Along with surrendering the last of one's infantile omnipotence (which lies at the core of our healthy narcissism), one must give up the passive wishes to be taken care of and nurtured. To be independent is hard work and facing true independence (not the pseudo-independence of the child who screams "I don't need anything from you" right before they storm out of your house and drive to their friend in the car you pay for) is frightening. The comfort of knowing someone will always be there to take care of you and make everything all right is not easily given up; and once given up, the knowledge that there is no one standing between you and the dangers in the night is potentially terrifying.
The adolescent who is unable to give up these comforting fantasies will often become an adult who is peculiarly unable to take an active role in creating a society (and taking their place in it as a productive member) and protecting themselves and others. Furthermore, because these people are responding to conflicted, unconscious dependency needs, it is literally impossible to satisfy them. This is an apt description of our MSMocrats today.
Hugh Hewitt describes the escalation in rhetoric and demands today.
Dymphna describes Reuters' increasingly shrill attempts to push their agenda.
The increasingly indispensable and brilliant Michelle Malkin highlights how the media traffic in outright fabrications to try to make their case.
Tomorrow, I plan to suggest some "prescriptions" that may help in addressing the problem of the adolescent MSMocrats, along with some reason for hope that the worst will not come to pass.
Dr. Sanity is on the same wavelength today in her post:
Where once in the not-too-distant past in this country, people might be grateful that we have a federal government capable of responding to such horible and devastating natural disasters and producing the money to rebuild both individual lives and the city itself; nowadays all we hear is the shrieks of narcissistic rage because nothing is ever fast enough, good enough, or even sincere enough.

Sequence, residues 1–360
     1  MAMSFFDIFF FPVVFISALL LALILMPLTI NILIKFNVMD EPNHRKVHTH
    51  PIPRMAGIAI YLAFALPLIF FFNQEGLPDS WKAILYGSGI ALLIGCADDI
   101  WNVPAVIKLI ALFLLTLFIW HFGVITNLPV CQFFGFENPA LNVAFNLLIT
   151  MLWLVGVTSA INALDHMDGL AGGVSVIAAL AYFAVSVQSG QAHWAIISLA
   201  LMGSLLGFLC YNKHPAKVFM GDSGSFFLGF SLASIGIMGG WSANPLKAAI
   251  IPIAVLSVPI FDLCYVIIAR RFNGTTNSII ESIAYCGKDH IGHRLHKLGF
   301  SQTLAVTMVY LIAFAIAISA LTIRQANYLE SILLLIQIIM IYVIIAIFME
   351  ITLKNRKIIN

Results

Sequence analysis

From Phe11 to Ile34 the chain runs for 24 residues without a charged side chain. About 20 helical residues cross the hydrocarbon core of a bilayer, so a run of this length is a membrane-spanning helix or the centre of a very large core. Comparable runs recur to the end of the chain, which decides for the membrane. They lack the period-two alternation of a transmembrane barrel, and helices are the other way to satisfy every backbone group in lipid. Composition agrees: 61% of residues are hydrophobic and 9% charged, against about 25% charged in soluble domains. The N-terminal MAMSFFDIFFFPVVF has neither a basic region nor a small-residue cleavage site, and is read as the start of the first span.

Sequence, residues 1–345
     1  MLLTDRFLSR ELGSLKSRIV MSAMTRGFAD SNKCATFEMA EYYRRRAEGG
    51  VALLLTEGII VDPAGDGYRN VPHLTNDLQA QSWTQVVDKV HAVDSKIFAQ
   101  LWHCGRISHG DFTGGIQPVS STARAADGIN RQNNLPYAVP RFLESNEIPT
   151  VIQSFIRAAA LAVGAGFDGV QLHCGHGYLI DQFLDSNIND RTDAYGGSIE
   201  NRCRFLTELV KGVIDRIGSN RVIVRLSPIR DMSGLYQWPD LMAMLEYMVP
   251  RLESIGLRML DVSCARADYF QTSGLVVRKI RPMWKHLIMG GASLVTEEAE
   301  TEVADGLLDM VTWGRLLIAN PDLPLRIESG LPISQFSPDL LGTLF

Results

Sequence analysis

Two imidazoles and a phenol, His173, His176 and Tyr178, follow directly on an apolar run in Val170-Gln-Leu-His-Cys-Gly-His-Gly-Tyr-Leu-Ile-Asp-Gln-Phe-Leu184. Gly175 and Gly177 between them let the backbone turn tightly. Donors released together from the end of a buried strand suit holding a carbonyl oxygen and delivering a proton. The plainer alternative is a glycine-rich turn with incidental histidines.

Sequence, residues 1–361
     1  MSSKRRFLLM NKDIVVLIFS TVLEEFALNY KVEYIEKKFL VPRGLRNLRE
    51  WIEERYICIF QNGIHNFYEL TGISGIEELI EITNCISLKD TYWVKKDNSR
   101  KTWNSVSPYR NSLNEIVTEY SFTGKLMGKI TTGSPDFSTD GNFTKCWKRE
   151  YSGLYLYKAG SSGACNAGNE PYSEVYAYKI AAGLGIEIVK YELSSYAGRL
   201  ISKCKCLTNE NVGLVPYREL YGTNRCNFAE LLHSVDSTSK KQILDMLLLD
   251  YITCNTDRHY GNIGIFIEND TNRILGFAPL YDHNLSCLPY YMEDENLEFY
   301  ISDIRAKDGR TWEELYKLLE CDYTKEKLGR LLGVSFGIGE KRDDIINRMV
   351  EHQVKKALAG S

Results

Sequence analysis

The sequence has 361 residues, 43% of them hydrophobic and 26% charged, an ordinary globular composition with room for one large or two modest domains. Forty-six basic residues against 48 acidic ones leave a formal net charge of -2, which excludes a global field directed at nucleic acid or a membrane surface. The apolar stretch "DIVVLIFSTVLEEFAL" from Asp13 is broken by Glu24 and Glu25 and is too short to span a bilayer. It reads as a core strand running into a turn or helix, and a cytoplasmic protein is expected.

With this primitive regression from adulthood and maturity; is it any surprise that denial, paranoia and projection run rampant--all three in the class of the most primitive and infantile emotional defenses--defenses that are usually completely abandoned for the most part by mature and responsible adults?
Is it any suprise that the conspiracy theories that are put forward by the denizens of the DU, ignorant left-leaning blogs or even by supposedly reputable adults, are the same caliber as the most paranoid of schizophrenics; the most psychotic and delusional of the brain damaged?
This psychological regression to childhood on the part of many adults in our country--and which is championed and even ecouraged by the Left in the cult of victimhood that they worship--has reached a state where it now seriously impedes the adult functioning of this country.
As I am inclined to tell my slightly pre-adolescent daughter, "Fine, you don't like things here; or the decisions that your father and I are making? Well, when you grow up, you don't have to live here and you can make different decisions. Until then, that's the way it is."
Let me rephrase that so that the alternately infantile and adolescent members of the Left and the Democratic Party can understand: Act more like adults and maybe people will vote for you in 2006 or 2008. Until then, that's the way it is.